“Argentina won’t be able to execute the agreement with EM unless the court grants relief in all the cases,” Jones said.
Nevertheless, such a decision is conditioned on the approval of Congress, where Macri lacks a majority, and the lifting of an injunction Griesa issued in 2012.
Talks to continue
Argentina’s sovereign debt settlement talks will continue despite a lack of resolution between the government and four remaining major holdout creditors, court-appointed mediator Daniel Pollack said in a statement yesterday.
“Claims by four other large ‘holdouts’ were not resolved this week, but intensive discussions between and among high-ranking Argentine government officials, principals of those four firms and me have continued through the week,” Pollack said.
“These discussions have gone late into the night and will continue,” he said, noting that two large creditors have settled their claims in principle for an aggregated amount, between them, of “well over US$1 billion.”
“I do not know whether agreements in principle will be reached with these four bondholders, but I will continue to do everything in my power to see that it happens,” he said.
Pollack said that other investors with “substantial holdings of defaulted Argentine bonds” have also come forward expressing interest in settling and are working to reach an agreement with the government.
Pollack’s optimism was shared yesterday by Foreign Minister Susana Malcorra, who said a deal with the holdouts is near.
“I’m optimistic, we’re close to finding a solution. We sat at the negotiating table with an offer that experts have described as reasonable,” she said. “Many of the holdouts want to continue collecting interests rather than finding a solution. They purchased debt at a very low price but they fight as if they had bought it at full price.”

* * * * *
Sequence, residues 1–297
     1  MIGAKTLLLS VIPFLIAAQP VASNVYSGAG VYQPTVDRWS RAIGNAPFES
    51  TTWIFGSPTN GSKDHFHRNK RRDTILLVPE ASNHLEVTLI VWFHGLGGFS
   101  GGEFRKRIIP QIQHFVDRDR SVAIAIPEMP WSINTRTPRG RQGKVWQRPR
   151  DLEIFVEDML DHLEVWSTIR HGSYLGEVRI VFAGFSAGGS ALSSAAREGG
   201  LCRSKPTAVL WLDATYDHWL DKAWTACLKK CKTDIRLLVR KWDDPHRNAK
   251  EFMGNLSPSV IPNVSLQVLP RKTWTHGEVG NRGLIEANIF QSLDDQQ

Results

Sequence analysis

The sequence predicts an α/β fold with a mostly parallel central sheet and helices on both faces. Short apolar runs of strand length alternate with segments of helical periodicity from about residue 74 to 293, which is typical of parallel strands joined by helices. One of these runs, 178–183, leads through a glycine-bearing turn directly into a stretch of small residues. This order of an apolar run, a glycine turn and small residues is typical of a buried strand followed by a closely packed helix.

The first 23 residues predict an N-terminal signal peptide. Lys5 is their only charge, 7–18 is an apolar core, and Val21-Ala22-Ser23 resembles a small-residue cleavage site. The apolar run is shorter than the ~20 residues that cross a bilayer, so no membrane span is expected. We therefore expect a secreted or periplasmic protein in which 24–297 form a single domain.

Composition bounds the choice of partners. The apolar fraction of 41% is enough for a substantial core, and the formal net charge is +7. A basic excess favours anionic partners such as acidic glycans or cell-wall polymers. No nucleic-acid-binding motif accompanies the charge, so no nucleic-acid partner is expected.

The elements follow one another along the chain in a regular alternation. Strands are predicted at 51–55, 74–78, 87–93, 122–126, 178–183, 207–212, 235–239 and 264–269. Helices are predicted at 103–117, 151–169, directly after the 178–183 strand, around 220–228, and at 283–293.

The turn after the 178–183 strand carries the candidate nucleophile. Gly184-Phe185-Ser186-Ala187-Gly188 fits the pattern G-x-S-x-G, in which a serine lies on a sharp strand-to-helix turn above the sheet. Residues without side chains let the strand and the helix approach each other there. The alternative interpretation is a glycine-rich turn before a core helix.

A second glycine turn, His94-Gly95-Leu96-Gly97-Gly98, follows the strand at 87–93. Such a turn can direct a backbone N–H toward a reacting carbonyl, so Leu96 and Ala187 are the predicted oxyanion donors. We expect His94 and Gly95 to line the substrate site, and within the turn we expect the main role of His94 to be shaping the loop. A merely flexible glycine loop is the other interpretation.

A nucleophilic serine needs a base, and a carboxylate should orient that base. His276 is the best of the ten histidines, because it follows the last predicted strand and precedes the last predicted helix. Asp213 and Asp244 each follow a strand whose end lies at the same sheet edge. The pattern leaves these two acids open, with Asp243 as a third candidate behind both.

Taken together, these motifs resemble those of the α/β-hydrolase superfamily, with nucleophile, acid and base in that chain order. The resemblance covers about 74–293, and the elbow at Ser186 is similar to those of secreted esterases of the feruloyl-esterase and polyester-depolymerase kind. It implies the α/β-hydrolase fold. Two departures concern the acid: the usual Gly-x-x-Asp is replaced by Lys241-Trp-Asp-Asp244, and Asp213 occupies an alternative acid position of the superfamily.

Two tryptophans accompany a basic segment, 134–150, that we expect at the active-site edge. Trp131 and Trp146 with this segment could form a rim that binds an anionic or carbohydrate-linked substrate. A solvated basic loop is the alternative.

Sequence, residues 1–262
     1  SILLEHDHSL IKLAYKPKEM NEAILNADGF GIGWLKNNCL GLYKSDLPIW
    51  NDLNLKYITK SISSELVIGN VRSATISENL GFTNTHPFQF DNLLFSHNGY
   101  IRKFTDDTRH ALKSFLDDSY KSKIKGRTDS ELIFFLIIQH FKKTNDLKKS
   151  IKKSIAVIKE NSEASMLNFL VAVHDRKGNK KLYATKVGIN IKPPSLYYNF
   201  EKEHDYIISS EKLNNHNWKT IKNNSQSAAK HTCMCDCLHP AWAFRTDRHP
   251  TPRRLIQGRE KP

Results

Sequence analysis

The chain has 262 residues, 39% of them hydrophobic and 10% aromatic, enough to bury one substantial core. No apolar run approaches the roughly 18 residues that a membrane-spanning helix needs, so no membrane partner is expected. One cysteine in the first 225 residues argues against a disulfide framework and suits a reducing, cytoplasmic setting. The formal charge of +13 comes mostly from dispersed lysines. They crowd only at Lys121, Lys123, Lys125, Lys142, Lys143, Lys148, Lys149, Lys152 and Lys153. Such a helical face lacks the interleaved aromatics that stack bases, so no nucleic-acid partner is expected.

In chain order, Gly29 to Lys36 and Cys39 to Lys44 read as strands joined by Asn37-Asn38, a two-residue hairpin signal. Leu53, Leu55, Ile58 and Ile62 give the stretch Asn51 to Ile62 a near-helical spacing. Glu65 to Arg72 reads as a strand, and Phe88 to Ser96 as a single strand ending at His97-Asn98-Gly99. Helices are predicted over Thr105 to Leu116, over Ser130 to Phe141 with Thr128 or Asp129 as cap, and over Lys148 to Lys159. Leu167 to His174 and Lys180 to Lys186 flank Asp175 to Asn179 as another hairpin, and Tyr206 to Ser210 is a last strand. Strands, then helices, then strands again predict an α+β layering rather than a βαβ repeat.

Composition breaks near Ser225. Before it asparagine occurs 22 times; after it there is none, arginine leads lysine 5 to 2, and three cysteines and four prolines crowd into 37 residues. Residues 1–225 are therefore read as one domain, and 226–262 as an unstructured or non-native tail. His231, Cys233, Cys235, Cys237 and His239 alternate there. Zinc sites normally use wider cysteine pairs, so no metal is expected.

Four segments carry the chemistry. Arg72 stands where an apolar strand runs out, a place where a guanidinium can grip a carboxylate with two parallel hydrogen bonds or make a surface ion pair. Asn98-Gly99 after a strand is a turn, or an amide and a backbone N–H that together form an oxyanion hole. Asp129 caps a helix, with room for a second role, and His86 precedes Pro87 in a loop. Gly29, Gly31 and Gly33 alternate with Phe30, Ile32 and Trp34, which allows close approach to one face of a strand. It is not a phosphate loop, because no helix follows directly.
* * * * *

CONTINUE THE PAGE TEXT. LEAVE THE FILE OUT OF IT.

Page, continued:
Eric Le Compte, who heads the non-profit organization Jubilee USA Network, said Griesa is “pressuring” the holdouts to accept Argentina’s offer and said he was “surprised” by their rejection, considering the large profits they would receive
“These funds are poised to make a 1,000 percent profit after buying the debt for pennies on the dollar. It’s baffling why they wouldn’t accept such a deal,” he said. “Griesa is pushing them to accept the offer. They won and received massive benefits and now they should let Argentina return to the markets.”
Uncertain outcome
US credit rating agency Fitch Ratings also praised the government’s offer to the holdouts yesterday but warned that big uncertainties remained. It also left the door open to upgrade the country’s foreign currency rating if a deal is reached.
“Implementation of an agreement with creditors is key to lifting Argentina out of default, but the degree to which the new administration can ease financing constraints and strengthen the consistency and credibility of the policy framework will determine Argentina’s post-default rating,” the agency said.
Fitch’s forecast comes after Standard & Poor’s raised the the country’s long-term and short-term sovereign credit ratings in pesos by one notch but kept unchanged its selective default on the country’s foreign-currency debt. Moody’s had also raised Argentina’s outlook from “neutral” to “positive” after the elections.
A decision to upgrade the country’s foreign currency rating could come after a deal with the “vultures” Fitch said but the extent of the upgrade will depend on an assessment of the government’s progress in increasing financing sources as well as on the country’s solvency.
“Should Argentina exit default, policy and financing developments will continue to be important rating factors while the Macri government implements its economic plan,” Fitch said.
Herald with Reuters